The St George’s flag is the flag of England and is derived from the St George’s cross which dates back to the Middle Ages. The flag is a red-centred cross on a white background and was used as a component in the design of the union flag in 1606. More recently, many sporting events use the flag as a national symbol.
In the King’s Crusade of Henry II of England and Phillip II of France in 1188, red and white crosses identified English and French troops. The red on white became a recognised symbol of the crusader, as did the Jerusalem cross. In the 13th century, numerous leaders of polities who wanted to associate themselves with the crusades started to use it as a standard emblem.
A historiographical tradition claims that Richard the Lionheart adopted the flag and the patron saint from Genoa during his crusade. Interestingly, we can trace this idea back to the Victorian era as a “common belief” that we still repeat today. However, one cannot validate it as historical.
We widely use the St George’s flag today. Church of England churches often fly the St George’s flag with the arms of the diocese in the top-left corner. The Earl Marshall officially requested this in 1938.
Comparatively recently, sporting events across the world use the flag. It’s the English national emblem at sporting events including the football and cricket World Cups, the Ashes, Six Nations, etc.
At the Queen’s 90th birthday celebrations at Windsor, the St George’s cross flew from horseback alongside the flags of Northern Ireland, Scotland, and Wales. The flag flies with the Union Flag every St George’s Day.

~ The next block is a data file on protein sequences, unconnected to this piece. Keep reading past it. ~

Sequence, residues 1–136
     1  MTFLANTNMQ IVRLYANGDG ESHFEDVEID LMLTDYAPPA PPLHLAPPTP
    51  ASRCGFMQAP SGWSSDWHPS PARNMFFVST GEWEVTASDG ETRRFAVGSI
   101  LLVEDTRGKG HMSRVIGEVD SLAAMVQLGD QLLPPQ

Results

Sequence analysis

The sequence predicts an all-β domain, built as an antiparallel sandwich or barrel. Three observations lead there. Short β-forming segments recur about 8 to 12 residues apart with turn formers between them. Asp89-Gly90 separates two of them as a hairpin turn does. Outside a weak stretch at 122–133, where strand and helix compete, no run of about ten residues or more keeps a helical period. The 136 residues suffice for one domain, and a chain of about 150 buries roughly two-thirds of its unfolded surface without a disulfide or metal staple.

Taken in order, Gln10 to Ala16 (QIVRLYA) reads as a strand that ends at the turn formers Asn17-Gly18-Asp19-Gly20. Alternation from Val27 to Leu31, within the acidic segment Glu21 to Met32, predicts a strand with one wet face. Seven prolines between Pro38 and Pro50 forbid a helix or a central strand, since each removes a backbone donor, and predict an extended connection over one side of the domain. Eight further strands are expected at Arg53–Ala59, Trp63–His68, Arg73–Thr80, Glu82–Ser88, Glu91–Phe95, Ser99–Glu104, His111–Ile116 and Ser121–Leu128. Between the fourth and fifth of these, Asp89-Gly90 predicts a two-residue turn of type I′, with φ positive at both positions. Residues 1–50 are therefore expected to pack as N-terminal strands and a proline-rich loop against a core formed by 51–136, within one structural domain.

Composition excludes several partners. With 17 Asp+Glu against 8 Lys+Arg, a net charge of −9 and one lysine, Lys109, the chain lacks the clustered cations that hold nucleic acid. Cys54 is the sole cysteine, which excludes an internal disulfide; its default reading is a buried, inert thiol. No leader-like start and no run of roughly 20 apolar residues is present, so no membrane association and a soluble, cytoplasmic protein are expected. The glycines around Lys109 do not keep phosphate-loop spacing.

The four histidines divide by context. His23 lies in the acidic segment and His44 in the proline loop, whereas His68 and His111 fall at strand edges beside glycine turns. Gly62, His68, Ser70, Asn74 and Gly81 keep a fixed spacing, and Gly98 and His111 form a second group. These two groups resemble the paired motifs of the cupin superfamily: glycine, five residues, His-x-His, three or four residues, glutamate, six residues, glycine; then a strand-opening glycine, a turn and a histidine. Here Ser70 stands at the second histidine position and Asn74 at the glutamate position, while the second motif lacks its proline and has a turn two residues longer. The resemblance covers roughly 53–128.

You can view more of the UK’s flag flying dates here.
St George was born around the year 280 in what is now Turkey. He was a soldier and rose through the ranks of the Roman army. He ultimately became a personal guard to the Emperor Diocletian. St George was executed on April 23, 303, and is buried in Lod in Israel.
St George slayed a dragon, for which he is most know. According to legend, a dragon guarded the only well in the town of Silene. To get water, the people of the town had to offer a human sacrifice every day to the dragon. One day, they selected a princess to be killed. St George, a knight from the crusades, came into the town riding on his white horse. He dismounted, drew his sword and killed the dragon, saving the princess’ life.
In Britain, St George, a Christian martyr, now represents traditional English chivalry and has inspired medals for bravery. For example, King George VI created the St George’s Cross during the Second World War. It has become the highest award a civilian can earn.
On 23rd April, Christian churches, nations, countries and cities that St George is the patron saint of, celebrate St George’s Day, the feast of St George. The Council of Oxford declared the day St George’s Day in 1222. Later, in 1348, St George became the Patron Saint of England. In 1415, England declared the day a national feast and holiday. After the union of Scotland at the end of the 18th century, the tradition diminished. There is no national holiday on this day anymore. For several years many people have been protesting for St George’s Day to become a national holiday again; just like how Ireland celebrate St Patrick’s Day and Scotland celebrate St Andrew’s Day.
The national holiday grew to be a big celebration across England. There were parties, parades, flying of the flag and people wearing a red rose on their lapel. These celebrations still happen across the country. Now, schools, shops, post offices and organisations are still open for business as usual.
This year it is on a Sunday. There are celebrations taking part all over the country with a gigantic feast in Trafalgar Square, medieval festivals at many English Heritage sites and street parties and parades across the country.
We hope we’ve given you a brief overview into the history of St George and the flag used to represent the saint. So, to make sure you are celebrating this St George’s Day check out our hand-sewn and printed St George’s Flag, with prices starting at £18.00.